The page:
International football has changed a lot in the past two decades. But some things still seem to stay the same.

JAMES TYLER, WITH JESSICA LOPEZ AND GUS ELVIN

FIFA rankings may not be the perfect measurement of success but without a more coherent way to compare and contrast the world’s footballing superpowers, it’s a decent overview of where everyone stands.Since the late 1990s, the sport’s top countries have experienced significant fluctuations in FIFA’s estimations due to the rigors of tournament play. It’s worth looking at the major patterns to see what’s changed over the past two decades and, in some cases, what’s more or less the same.How far ahead are the top-tier nations? And are teams like the U.S. and Mexico that far behind?

The Rankings

HOW THE CHART WORKS: Check the boxes to the right of each nation to highlight their individual progress. Click the country name to either add or remove them from the visual. Hover over the chart to see year-by-year rankings for each country.

U.S. Vs. Mexico: El Tri Have The Edge

Even though the USMNT enjoy things like “dos a cero” (until 2016, at least) and other notable victories over their neighbors to the south — for example, the 2-0 round of 16 victory at the 2002 World Cup — they have steadily been a cut beneath El Tri in the eyes of FIFA.

Whether it’s the consistency of Mexico’s top players across Europe or the number of notable results in big games (2011 Gold Cup, 2015 CONCACAF Cup), there’s been precious little for the U.S. to celebrate. Beyond Clint Dempsey, Landon Donovan and the latest crop of Americans abroad, the efforts of Javier “Chicharito” Hernandez (Manchester United, Real Madrid, Bayer Leverkusen), Rafa Marquez (Monaco, Barcelona), Carlos Vela (Arsenal, Real Sociedad) and the Dos Santos brothers, Giovani and Jonathan have outpaced the Yanks over time.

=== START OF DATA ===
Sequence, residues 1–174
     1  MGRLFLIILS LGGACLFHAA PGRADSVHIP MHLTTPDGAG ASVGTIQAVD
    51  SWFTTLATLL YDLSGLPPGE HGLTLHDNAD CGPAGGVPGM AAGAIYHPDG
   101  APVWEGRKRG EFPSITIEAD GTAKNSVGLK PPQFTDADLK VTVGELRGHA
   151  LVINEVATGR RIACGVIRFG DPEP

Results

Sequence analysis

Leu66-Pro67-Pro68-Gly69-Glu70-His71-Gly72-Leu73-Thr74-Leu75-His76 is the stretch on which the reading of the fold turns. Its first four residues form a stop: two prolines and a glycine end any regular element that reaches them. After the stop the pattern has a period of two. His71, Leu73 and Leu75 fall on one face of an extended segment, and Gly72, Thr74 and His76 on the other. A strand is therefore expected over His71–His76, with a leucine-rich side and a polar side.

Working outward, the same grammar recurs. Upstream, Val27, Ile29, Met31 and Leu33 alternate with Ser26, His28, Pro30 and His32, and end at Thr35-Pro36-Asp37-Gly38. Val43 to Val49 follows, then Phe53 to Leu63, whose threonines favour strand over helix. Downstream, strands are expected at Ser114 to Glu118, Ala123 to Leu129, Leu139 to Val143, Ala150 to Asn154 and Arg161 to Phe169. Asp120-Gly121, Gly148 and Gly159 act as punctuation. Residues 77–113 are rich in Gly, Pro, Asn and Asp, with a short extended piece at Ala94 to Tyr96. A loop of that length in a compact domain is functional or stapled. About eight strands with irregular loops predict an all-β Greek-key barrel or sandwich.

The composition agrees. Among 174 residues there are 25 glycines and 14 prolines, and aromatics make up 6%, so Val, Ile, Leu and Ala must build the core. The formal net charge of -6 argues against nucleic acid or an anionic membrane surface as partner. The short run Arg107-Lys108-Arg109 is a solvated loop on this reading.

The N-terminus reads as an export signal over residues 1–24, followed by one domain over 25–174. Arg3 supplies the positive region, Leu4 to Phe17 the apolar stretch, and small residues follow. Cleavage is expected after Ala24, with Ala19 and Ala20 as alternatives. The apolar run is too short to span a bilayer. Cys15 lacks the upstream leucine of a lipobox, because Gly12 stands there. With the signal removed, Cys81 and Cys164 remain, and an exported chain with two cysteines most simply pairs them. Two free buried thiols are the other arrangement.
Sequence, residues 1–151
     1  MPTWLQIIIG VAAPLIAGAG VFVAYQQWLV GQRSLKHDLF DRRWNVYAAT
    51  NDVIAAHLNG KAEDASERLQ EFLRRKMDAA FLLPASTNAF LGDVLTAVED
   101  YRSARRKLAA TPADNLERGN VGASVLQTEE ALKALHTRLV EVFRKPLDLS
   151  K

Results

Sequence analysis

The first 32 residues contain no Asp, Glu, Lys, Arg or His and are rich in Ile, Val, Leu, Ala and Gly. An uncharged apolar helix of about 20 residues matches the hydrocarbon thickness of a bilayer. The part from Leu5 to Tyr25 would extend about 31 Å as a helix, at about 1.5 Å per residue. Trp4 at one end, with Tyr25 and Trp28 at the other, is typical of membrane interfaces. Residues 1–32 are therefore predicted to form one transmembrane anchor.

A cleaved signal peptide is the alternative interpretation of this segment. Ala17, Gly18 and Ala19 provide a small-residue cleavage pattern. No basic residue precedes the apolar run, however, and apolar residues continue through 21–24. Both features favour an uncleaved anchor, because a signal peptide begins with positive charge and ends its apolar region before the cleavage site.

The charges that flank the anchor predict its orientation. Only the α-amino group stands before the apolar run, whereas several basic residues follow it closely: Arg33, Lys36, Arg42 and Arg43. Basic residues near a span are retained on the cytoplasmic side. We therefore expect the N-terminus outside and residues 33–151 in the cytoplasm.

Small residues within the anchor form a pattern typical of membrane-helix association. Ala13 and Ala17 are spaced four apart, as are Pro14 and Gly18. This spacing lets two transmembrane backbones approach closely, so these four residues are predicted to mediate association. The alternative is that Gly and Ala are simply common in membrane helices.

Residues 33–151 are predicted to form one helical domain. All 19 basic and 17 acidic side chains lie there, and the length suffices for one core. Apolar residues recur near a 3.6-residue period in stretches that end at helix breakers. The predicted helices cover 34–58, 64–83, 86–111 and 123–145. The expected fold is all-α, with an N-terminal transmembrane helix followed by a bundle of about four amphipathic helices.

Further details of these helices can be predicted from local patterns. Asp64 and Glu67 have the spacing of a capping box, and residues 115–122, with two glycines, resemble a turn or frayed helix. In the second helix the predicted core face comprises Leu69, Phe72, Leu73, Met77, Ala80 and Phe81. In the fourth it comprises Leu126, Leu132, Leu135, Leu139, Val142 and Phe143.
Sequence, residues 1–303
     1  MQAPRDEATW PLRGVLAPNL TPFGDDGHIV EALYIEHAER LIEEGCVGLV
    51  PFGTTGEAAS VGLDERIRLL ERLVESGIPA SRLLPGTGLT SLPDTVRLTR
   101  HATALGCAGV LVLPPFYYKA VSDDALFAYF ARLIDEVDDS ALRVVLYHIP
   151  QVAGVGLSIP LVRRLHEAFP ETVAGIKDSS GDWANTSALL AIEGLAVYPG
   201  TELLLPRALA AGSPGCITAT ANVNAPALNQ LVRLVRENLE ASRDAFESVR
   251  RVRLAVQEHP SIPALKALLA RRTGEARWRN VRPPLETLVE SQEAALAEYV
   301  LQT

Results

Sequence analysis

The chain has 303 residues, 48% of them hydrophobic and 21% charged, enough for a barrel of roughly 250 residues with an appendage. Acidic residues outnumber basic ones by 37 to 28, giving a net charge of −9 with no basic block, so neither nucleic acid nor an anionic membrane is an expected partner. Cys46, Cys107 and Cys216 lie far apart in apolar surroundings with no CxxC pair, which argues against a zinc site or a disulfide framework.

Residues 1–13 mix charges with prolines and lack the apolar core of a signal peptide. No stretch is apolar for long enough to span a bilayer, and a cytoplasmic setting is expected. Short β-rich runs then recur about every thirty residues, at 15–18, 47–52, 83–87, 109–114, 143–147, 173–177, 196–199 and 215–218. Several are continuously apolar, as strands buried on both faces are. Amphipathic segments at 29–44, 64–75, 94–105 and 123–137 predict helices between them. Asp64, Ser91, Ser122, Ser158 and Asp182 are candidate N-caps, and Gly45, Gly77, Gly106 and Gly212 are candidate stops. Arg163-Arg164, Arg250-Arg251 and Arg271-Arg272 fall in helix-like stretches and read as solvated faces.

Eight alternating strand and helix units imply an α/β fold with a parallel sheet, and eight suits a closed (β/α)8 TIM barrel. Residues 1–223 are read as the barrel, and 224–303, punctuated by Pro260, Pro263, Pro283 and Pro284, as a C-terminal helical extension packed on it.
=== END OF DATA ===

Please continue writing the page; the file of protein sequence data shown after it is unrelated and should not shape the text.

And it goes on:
The best year for both sides was 2005: Mexico hit No. 5 thanks to a brilliant run through World Cup qualification, scoring 67 goals and winning 15 of 18 games en route to a seeded spot in 2006, while the USMNT won the Hex on a tie-breaker. However, a failure to win a single game in Germany that summer saw the Yanks plummet to 31st the following year while Mexico dropped to 20th after a last-16 exit.

The most damning thing for the U.S.? Arena takes over a team ranked worse than the one he took over two decades ago, and with a number of key players (Jermaine Jones, Clint Dempsey, Tim Howard) to eventually replace. Christian Pulisic leads the next generation, but he’ll need help.

England: The Ultimate “Nearly There”

The biggest note for the Three Lions is that they are steadily around the Top 10: in the year-end rankings since 1998, they’ve only been worse than 10th on six occasions. It’s a testament to their consistency in international play but more than that, it’s a comment on the relative ease of UEFA when it comes to qualifying for major competitions.

Whether winning eight of 10 qualifiers en route to a quarterfinal defeat at the 2006 World Cup vs. Portugal (England finished the year ranked fifth overall, their highest mark in 20 years) or going undefeated in 2011 (ranked fifth) before a Euro 2012 quarterfinal defeat to Italy, the pattern keeps repeating: qualify with ease, build expectations and let the nation down come tournament time.

England suffered just five defeats from March 2010 to November 2012, a span of 34 games, but never came close to glory. To wit, their last semifinal appearance at a major competition was in Euro 1996.

Germany: Rebuild Works To Perfection

With the exception of a huge drop from fourth in 2002 to 19th in 2004 after a humiliating group stage exit at the Euros that year, Germany are arguably one of the benchmarks in international football over the past two decades. The story is well-told: a renewed effort by the DFB (Deutscher Fussball-Bund, Germany’s FA) following similar embarrassment at Euro 2000 saw a flood of investment in national talent centers and requirements for Bundesliga clubs to build grassroots academies.

The aim was to “feed” players up through the ranks to the national team, and it worked: the emergence of anchors like Bastian Schweinsteiger, Philipp Lahm, Manuel Neuer, Mesut Ozil and Thomas Muller helped fuel a generation of success: they’ve not dropped lower than sixth in the year-end rankings since 2005, all while continuing to bring new talent through to form the backbone of future generations: Julian Weigl for Schweinsteiger, Joshua Kimmich for Lahm, Marc-Andre ter Stegen for Neuer and, perhaps, Julian Draxler for Muller.

And throughout this renewed focus on Die Mannschaft, only twice (Euro 2002 and Euro 2004) did they fail to reach at least the semifinals of a major tournament, even winning the World Cup in 2014 and finishing second in 2002 and at Euro 2008.

Brazil Fluctuate, Argentina Stay Steady

The Selecao lean on Neymar and as goes Lionel Messi, so goes Argentina. Yet the two stars have lived through wildly different generations with their respective countries.